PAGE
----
In the blink of an eye, a modern-day girl named Asahi is whisked away from her warm and happy home and stranded in a strange and mysterious world where she meets a water dragon god!
Asahi returns to the present day, and though her reunion with her family is joyful, she misses Subaru and the water dragon god in the other world. When Asahi comes to a decision about what to do, the water dragon god’s heart is greatly shaken!
This volume continues into Asahi’s home arc – she has somewhat settled in with her family, getting to know her younger sibling Haruki, but still missing her life back in the olden Japan. Meanwhile, political tensions are rising, with the people thinking the Water God has abandoned the Emperor. Another player appears, who is shown to be the own controlling the Evil Priestess’ plans, as well as another god who is favoring him.
A key theme of this volume was longing, and was rendered in different characters. First, we see Haruki finding Asahi’s shrine-like room in childhood, and figuring out she was the first child of their parents, and how her loss affected them. There are a lot of warm moments shared between Asahi and her family, but in her heart, she is still longing to go back, knowing that if she did so, she would be putting her family through that pain again. Over there on the other side, Subaru is preparing for war, and swallows his anger to ask the Water God for a favor, which the latter grants on some coaxing from the Wood Goddess.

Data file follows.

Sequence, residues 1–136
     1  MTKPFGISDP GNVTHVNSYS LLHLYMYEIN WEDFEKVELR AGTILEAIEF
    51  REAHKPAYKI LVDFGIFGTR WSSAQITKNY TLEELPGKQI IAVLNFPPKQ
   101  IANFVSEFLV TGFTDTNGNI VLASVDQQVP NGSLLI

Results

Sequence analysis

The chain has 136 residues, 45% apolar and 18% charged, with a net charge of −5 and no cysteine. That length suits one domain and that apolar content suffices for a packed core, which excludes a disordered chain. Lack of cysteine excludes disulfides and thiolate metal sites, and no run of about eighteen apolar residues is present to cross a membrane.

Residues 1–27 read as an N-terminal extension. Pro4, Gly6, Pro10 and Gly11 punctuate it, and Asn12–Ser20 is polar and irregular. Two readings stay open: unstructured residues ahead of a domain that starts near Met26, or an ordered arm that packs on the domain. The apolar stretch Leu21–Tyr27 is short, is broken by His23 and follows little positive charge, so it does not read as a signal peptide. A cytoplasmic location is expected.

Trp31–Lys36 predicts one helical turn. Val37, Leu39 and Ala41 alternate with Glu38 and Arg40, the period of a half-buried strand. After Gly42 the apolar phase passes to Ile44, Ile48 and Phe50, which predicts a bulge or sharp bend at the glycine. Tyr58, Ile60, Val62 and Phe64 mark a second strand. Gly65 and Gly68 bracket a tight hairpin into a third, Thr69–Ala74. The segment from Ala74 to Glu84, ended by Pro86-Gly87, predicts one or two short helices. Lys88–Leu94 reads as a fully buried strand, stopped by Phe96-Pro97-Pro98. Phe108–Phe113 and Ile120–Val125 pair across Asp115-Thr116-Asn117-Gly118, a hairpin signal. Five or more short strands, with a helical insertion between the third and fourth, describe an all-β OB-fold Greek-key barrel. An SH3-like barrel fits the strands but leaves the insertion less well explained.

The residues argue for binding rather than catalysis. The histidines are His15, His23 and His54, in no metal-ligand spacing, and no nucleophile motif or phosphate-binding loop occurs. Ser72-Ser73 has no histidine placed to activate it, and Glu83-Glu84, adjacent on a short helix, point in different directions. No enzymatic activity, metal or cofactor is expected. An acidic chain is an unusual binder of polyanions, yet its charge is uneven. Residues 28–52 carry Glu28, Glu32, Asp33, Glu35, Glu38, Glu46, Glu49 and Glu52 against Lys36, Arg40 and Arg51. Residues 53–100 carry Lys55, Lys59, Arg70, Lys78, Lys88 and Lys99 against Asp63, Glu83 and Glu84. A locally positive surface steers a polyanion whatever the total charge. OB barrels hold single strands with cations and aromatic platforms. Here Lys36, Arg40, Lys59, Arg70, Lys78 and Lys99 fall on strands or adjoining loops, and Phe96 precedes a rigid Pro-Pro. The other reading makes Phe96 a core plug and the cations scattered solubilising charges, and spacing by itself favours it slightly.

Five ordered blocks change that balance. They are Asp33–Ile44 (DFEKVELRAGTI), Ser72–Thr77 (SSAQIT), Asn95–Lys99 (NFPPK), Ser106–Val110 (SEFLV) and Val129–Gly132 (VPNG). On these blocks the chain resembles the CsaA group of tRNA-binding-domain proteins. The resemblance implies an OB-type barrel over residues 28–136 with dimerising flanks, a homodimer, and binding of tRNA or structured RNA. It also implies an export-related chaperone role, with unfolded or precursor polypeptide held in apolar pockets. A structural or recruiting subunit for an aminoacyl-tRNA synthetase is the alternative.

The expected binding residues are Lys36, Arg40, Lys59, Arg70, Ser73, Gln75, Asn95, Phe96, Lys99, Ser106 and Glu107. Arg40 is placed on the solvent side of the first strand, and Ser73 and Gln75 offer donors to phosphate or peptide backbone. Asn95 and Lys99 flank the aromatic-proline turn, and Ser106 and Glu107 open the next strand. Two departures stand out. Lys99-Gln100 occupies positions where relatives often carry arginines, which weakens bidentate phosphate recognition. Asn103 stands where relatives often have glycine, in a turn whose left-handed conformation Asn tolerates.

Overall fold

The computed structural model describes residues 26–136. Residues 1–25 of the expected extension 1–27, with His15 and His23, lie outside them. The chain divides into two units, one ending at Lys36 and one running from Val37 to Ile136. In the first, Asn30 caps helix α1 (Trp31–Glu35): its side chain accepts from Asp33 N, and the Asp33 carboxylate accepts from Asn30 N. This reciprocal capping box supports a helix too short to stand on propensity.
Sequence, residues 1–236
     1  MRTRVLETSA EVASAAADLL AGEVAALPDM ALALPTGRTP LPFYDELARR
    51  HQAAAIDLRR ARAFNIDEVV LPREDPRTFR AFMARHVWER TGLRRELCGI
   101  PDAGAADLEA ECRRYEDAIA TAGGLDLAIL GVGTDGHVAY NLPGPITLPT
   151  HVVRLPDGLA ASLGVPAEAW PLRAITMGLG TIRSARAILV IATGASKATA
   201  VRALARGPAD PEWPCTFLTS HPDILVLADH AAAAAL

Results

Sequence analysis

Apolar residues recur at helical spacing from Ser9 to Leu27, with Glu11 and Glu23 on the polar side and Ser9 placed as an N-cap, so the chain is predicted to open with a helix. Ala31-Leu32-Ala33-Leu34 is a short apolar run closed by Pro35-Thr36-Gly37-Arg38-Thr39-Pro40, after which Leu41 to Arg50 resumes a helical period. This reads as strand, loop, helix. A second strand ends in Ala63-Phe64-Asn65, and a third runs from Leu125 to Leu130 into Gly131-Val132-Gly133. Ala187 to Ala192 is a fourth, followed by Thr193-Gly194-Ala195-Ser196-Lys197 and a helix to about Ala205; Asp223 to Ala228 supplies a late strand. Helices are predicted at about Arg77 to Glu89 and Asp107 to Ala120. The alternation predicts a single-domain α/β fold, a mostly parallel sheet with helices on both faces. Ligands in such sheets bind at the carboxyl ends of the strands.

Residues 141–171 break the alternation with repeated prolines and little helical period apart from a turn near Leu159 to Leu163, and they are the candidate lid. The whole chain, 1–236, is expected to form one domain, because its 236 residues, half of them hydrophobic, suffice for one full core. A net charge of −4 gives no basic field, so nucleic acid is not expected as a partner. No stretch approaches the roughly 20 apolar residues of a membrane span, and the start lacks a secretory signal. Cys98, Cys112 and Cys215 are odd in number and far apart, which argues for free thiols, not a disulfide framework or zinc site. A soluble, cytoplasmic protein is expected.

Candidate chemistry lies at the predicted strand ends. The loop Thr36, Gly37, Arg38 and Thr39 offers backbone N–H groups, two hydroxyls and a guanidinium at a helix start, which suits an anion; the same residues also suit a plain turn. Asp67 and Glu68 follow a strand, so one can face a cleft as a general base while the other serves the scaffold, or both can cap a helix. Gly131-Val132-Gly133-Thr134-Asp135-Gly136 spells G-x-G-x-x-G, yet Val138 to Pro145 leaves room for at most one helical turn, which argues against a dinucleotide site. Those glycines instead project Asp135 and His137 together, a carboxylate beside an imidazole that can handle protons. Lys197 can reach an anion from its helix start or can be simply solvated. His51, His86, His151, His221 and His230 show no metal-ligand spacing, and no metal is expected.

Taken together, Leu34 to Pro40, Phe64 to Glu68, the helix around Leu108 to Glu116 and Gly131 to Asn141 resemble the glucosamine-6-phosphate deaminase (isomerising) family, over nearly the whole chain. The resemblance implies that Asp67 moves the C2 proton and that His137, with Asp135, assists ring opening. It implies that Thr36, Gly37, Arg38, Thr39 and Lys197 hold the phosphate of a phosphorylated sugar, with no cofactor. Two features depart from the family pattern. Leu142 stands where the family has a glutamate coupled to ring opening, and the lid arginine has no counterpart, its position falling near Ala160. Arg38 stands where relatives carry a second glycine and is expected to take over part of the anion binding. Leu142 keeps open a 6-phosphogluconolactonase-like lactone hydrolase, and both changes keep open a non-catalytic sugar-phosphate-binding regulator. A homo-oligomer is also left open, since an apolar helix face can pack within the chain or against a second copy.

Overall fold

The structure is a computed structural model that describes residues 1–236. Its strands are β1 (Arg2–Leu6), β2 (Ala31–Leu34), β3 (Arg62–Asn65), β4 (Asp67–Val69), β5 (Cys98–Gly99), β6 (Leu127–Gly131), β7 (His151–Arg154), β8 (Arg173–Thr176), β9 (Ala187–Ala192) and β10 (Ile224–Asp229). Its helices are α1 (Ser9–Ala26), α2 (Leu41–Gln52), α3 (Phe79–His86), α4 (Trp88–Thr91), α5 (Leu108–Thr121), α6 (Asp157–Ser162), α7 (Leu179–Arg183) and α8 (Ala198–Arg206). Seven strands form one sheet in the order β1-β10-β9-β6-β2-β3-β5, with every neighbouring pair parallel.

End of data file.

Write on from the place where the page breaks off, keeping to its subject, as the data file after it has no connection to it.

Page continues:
I liked that the focus was removed from the romance, but instead the fact that the Water God simply misses having Asahi around was highlighted. It was leading up to the romance, anyway, so I will grudgingly accept it. (Honestly why are there so many gods/spirits seeking young brides?!) Subaru is pretty much going into the background now and I am sad that ship has sunk. But on the non-romance side, I am interested to see how Asahi’s life will pan out, now that she has chosen to come of her own free will. But ultimately, in terms of plot, I felt it rushed into resolving this arc, and also introducing new players; even so, the volume didn’t feel like a monumental progression in terms of plot.
In short, an emotionally strong volume, but not much in terms of story.
Received an advance reader copy in exchange for a fair review from Viz Media, via Edelweiss.
Previous volumes in series
Releases on October 2, 2018